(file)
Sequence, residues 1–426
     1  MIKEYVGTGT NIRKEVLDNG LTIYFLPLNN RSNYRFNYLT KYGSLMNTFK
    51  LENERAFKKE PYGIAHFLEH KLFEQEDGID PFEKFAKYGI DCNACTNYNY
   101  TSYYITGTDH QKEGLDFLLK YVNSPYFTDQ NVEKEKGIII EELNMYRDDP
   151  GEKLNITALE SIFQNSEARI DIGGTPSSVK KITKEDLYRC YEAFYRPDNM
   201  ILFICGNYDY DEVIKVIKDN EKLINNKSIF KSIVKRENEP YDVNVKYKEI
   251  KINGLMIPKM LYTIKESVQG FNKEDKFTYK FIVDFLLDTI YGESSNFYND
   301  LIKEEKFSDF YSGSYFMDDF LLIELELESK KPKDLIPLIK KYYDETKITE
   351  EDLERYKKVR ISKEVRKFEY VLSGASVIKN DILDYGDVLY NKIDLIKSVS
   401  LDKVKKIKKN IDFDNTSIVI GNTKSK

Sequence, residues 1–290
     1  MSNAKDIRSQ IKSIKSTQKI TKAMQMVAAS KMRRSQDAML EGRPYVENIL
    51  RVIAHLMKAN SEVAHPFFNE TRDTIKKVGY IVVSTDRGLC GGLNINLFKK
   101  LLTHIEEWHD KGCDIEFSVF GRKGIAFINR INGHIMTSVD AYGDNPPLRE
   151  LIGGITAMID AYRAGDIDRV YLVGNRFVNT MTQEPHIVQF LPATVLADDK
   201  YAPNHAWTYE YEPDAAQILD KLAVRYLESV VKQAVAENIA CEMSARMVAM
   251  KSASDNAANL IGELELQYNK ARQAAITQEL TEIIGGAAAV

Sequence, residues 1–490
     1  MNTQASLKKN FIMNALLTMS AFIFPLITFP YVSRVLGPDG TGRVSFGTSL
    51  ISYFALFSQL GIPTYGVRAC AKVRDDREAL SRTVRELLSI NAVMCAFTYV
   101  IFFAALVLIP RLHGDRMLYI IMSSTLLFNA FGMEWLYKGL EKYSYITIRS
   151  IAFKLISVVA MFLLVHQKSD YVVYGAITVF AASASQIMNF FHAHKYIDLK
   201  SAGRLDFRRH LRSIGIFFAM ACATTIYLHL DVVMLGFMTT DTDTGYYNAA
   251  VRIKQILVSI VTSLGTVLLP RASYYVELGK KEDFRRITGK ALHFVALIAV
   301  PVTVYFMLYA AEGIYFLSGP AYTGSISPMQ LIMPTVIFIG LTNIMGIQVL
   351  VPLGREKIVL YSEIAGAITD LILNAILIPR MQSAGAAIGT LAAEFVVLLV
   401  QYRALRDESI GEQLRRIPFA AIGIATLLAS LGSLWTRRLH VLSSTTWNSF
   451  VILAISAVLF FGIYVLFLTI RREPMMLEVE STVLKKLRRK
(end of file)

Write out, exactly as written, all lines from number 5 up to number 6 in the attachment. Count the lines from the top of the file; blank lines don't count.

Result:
   151  GEKLNITALE SIFQNSEARI DIGGTPSSVK KITKEDLYRC YEAFYRPDNM
   201  ILFICGNYDY DEVIKVIKDN EKLINNKSIF KSIVKRENEP YDVNVKYKEI